Initially we started out doing two 3D titles, but this triggered one of the most stressful ever working experiences of my career to date. It was hellish – taking more and more time on development but not really getting anywhere. We were trying to convert our 3D engine AND a game from C++ to C# to run on a system that was too underpowered to handle it (the C# code on PSM is run on a virtual machine, which is currently significantly slower than Vita native performance).

Now I am sure a 3D engine designed specifically for PSM may work, particularly if you are a ninja C# genius coder, but we couldn’t do it… The performance just wasn’t there – we’d have had games running at about 5FPS! All very VERY stressful, but then we had a good idea, we binned both games and switched to 2D with two new game designs.

We used the Sony 2D PSM libs, and from that point on the development process became an enjoyable one, rather than a death march. There are many more 2D Sony examples for PSM than 3D, and with the SDK performance being a bit (lot) of an issue at the moment I’d certainly recommend going with 2D.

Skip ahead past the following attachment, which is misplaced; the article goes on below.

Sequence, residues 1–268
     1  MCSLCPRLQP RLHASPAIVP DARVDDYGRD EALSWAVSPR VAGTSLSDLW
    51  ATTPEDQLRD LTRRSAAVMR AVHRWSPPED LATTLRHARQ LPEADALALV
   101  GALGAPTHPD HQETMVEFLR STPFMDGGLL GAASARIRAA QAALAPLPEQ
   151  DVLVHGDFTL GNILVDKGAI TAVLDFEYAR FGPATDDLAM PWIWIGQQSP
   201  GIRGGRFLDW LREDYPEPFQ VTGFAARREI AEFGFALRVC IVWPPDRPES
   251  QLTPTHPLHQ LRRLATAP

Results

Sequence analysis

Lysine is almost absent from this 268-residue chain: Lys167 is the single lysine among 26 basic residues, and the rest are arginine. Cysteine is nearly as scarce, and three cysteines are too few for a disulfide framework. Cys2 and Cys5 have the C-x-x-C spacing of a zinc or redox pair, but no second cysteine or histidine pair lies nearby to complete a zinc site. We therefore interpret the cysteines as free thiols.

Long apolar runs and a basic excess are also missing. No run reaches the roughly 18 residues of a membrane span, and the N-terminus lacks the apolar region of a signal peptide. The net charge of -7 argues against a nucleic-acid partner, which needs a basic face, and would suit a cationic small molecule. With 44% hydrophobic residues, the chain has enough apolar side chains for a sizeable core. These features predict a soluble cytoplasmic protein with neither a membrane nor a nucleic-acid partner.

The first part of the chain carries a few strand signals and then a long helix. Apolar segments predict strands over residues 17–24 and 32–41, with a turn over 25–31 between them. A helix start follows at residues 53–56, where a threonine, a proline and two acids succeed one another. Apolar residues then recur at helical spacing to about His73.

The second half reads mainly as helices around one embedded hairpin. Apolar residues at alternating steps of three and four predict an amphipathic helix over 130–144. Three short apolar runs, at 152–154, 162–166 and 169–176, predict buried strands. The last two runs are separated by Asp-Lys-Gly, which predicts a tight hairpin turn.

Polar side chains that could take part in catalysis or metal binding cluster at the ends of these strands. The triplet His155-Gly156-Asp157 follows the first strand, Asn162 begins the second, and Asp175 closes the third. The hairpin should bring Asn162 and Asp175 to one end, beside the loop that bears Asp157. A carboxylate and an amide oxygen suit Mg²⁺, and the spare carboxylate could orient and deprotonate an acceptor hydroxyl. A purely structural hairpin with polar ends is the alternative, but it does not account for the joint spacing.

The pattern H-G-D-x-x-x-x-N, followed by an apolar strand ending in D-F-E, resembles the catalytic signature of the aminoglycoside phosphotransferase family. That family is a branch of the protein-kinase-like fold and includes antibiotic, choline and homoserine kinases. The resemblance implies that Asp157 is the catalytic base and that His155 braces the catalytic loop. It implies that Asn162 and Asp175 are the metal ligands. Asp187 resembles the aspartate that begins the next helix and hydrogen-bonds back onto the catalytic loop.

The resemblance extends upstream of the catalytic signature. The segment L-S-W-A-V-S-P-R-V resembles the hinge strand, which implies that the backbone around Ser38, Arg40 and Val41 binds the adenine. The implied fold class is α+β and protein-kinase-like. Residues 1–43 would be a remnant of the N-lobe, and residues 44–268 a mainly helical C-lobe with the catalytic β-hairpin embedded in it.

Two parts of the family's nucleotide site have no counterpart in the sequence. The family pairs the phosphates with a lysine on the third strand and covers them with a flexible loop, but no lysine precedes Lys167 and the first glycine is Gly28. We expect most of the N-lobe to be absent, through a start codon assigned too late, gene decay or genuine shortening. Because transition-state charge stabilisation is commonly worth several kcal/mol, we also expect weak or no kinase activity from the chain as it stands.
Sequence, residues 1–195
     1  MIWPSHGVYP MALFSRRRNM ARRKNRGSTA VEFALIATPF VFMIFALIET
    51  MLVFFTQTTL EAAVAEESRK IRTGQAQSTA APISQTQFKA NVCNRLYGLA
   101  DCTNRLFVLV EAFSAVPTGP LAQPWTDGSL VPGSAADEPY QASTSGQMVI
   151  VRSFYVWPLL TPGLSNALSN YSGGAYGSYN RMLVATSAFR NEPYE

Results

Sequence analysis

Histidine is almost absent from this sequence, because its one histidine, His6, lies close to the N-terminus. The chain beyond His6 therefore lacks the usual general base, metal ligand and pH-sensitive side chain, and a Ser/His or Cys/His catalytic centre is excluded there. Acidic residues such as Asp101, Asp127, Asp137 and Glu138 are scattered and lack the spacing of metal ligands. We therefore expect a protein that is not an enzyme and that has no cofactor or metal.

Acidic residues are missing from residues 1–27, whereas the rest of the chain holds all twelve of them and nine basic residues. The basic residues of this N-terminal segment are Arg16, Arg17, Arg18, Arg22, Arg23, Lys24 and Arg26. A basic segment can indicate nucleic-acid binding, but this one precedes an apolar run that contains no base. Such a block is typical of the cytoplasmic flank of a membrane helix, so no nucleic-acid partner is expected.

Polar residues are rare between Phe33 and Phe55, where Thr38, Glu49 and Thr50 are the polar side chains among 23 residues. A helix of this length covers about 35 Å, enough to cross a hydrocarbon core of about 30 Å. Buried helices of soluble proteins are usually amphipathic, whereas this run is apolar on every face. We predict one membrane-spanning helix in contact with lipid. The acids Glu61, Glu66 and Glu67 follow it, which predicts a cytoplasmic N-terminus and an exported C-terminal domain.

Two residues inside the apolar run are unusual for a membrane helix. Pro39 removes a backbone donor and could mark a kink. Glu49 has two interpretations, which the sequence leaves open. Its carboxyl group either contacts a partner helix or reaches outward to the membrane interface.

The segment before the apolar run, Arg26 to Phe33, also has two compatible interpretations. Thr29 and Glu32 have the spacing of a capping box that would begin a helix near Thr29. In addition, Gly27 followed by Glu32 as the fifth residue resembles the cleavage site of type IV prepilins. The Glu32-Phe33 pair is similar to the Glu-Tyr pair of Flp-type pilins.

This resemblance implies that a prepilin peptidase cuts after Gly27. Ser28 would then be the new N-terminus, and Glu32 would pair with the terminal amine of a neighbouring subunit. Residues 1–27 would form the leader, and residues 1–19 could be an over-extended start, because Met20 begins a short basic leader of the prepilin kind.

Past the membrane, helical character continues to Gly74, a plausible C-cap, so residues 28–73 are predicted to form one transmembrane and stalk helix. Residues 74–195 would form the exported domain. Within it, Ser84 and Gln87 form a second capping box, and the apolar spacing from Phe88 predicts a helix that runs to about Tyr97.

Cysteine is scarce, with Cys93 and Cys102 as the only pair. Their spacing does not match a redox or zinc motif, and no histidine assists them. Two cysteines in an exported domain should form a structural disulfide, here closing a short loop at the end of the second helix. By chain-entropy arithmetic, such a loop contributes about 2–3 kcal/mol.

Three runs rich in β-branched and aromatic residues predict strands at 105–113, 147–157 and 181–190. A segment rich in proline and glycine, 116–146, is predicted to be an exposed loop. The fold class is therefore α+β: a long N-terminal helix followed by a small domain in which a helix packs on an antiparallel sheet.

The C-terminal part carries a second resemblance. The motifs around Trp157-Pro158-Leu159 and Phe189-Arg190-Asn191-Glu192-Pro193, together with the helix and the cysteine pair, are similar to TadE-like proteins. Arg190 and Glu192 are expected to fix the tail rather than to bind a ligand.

I’d like to think Sony will address the performance issues, but I haven’t really heard anything to suggest that is being done. Fingers crossed though!


The SDK is good to work with – everything you need all in one place, along with the incredibly useful ability to test on PC via the simulator or directly on hardware. The simulator is spot-on too; matches pretty much exactly the hardware output – the only slight difference is that performance on hardware varies, with the Experia outperforming the Vita by quite some margin. I’m hopeful that this will be improved over the coming weeks with Vita performance matching/exceeding Experia (which is what you would expect).

There are also some decent code examples provided by Sony – for both of our titles we used Sony’s own 2D engine library, and it was pretty decent.

The UI Composer looks excellent too, although we didn’t need to use it given the simplicity of our menus, but it looks like it could be a huge time saver.
Another plus point for the PC simulator is that it makes it very easy to put together marketing materials such as screen-shots and gameplay videos, as you can use any PC applications to do this (such as Camtasia to record video footage).